Why Manchin Opposed The Iran Deal After He Was For It
By Eli Clifton September 8, 2015
Sen. Joe Manchin (D-WV) announced earlier today that he will oppose the agreement reached between the P5+1 and Iran to constrain Iran’s nuclear program. He joins a short list of Senate Democrats, including Chuck Schumer (D-NY), Robert Menendez (D-NJ), and Ben Cardin (D-MD), that have broken with their party to oppose the deal.
Although Menendez, Schumer, and Cardin had offered hints that they were conflicted about the agreement and that their support was, by no means, a certainty, Manchin had openly flirted with supporting the deal. In an appearance on Face The Nation on July 26, he said that he was “leaning very strongly” toward supporting the agreement. Manchin presented the choice between the JCPOA and the alternative as a choice between war and peace, telling CBS host John Dickerson:
The only other option is go to war, and I’m not ready to send our people into harms way again until people in that part of the world want to clean up their own mess.
Appearing on MSNBC’s Morning Joe the following Tuesday, Manchin further defended the deal: “The bottom line is, do we go it alone, or with other allies?”
Manchin warned that if Iran had “bamboozled” Secretary of State John Kerry, as he had heard suggested, “then they bamboozled all the P5 and most of the free world. I’d rather go with the world than myself.”
But Manchin’s statement today, announcing his opposition to the deal, seemed to contradict his defense of the administration’s diplomacy back in July.
Although acknowledging that West Virginian constituents would pay a high price in any future military conflicts due to having “one of the highest rates of military service in the nation,” Manchin now rejected the argument he made in July that “the only other option is go to war.” He said:
However, I don’t believe a vote against this deal forces us to abandon the diplomatic path. We must continue to pursue peace, but on terms that promise a lasting peace for the United States and our allies.
Manchin didn’t offer an explanation of how he plans to pursue a diplomatic path with Iran and America’s European allies if the U.S. fails to approve the JCPOA, or whether his warning about the dangers of going it alone and splitting with European negotiating powers still holds water.
He probably won’t have to explain these contradictions anytime soon. Forty-one Senate Democrats now support the deal, enough to prevent a disapproval motion from reaching President Obama’s desk.
Manchin’s opposition, coming in the final days of vote whipping, was probably calculated to have little impact on the legislative outcome and destined for a footnote in the long battle over the Obama administration’s signature foreign policy initiative.
But the question remains: Why did Manchin ultimately decide to side with Senate Republicans and only three other Democrats to oppose the Iran deal and contradict his own arguments supporting the agreement?
Reasons for Reversal
The best explanations point to political pressures rather than actual concerns about the JCPOA, which he had already defended as the best option to prevent another war in the Middle East.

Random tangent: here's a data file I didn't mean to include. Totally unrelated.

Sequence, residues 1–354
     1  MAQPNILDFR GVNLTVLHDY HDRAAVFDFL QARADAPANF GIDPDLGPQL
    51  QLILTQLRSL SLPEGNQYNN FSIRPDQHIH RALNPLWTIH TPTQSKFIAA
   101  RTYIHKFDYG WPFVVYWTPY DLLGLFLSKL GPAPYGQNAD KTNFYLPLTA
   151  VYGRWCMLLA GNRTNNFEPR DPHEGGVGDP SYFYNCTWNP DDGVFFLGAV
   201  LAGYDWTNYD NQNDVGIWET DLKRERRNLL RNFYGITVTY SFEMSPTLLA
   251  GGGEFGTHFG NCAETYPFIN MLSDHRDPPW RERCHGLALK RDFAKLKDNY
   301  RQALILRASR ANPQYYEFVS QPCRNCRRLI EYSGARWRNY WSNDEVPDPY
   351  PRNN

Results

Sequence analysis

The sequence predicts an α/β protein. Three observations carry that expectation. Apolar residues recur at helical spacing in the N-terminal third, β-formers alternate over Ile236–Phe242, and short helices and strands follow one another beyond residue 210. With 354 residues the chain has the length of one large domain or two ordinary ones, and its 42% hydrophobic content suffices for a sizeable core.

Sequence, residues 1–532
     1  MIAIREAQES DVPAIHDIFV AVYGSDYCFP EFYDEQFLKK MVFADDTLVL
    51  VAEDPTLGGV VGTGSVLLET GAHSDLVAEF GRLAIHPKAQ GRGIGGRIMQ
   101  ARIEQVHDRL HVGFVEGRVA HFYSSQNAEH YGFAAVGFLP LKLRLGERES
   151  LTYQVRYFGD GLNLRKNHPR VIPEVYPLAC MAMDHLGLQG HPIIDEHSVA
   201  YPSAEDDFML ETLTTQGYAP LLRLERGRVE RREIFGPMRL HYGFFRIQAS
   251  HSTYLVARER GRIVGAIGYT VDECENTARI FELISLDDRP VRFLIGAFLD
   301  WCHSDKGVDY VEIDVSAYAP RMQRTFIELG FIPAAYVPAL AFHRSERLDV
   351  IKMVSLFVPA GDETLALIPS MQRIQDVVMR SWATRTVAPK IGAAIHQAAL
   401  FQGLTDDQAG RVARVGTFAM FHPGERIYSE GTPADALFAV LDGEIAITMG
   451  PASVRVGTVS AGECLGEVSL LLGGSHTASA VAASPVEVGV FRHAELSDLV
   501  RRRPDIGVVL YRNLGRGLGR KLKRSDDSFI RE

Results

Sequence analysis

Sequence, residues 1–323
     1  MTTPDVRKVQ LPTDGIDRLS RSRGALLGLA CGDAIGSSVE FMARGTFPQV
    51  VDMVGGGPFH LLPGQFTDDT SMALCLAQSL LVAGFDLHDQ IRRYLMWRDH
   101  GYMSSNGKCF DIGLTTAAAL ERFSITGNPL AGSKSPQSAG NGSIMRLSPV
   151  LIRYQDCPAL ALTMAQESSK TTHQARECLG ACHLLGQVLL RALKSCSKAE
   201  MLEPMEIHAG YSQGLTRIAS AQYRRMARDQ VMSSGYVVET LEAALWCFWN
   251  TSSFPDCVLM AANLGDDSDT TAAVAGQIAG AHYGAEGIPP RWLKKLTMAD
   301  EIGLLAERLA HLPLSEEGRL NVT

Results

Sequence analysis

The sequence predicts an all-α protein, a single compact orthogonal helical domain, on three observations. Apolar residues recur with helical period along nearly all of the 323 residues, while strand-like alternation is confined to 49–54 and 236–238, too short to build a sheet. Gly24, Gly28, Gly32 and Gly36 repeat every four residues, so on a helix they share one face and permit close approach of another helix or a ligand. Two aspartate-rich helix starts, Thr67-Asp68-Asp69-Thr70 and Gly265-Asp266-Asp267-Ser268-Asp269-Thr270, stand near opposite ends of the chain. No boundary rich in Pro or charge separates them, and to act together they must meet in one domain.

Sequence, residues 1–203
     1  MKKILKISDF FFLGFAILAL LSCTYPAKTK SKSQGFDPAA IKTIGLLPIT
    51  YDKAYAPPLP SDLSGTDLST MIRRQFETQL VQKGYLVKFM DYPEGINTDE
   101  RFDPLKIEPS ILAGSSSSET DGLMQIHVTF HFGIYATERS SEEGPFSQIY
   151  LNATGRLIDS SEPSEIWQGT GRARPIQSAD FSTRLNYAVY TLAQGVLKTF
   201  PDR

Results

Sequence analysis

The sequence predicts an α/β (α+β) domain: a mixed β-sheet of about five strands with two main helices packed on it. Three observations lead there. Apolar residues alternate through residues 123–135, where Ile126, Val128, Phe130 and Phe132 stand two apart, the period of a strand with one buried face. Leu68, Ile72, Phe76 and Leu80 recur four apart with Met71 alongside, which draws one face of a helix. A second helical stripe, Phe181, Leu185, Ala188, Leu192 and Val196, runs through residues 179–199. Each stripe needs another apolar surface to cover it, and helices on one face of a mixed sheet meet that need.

Manchin was targeted by anti-Iran deal groups, including AIPAC, over the summer, presumably due to his position as a Democratic senator from a state in which Obama only carried 35.5% of the vote in 2012.
Anti-deal advertising, paid for by the dark-money group American Security Initiative and the AIPAC-affiliated Citizens for a Nuclear Free Iran, dominated political ad buys over the summer months in West Virginia, according to the nonpartisan Sunlight Foundation.
While pressuring him on the airwaves, pro-Israel donors also provided Manchin with considerable campaign contributions. NORPAC, a political action committee that backs AIPAC, endorsed his 2010 Senate candidacy. According to the nonpartisan Center for Responsive Politics, Manchin received $122,110 since 2010 from pro-Israel donors, many of them affiliated with NORPAC.
Strikingly, only three of those donors, with contributions totaling $5,800, were actually from West Virginia.
Indeed, the campaign contributions from AIPAC-associated groups, heavy spending on ads pressuring Manchin, and the senator’s precarious position as a Democrat representing a state whose constituents voted against the Democratic president in both 2008 and 2012, all paint a picture of a Democrat who, if the votes allowed it, would seek the opportunity to split with the president on a pivotal vote.
And although Manchin made compelling arguments in favor of the deal in July, there were hints that he might waiver as early as March, when Israeli Prime Minister Benjamin Netanyahu addressed a joint session of Congress to decry Obama’s nuclear diplomacy with Iran, a move so divisive that 58 Democrat chose to boycott the speech.
David Weigel, reporting for Bloomberg Politics, wrote:
“My friends, for over a year, we’ve been told that no deal is better than a bad deal,” said Netanyahu. “Well, this is a bad deal. It’s a very bad deal. We’re better off without it.”
Very few Democrats applauded that line; those who did, like Arizona Representative Krysten Sinema and West Virginia Senator Joe Manchin, had to win over conservative voters.
Rep. Sinema (D-AZ) hasn’t yet announced whether she will support the deal.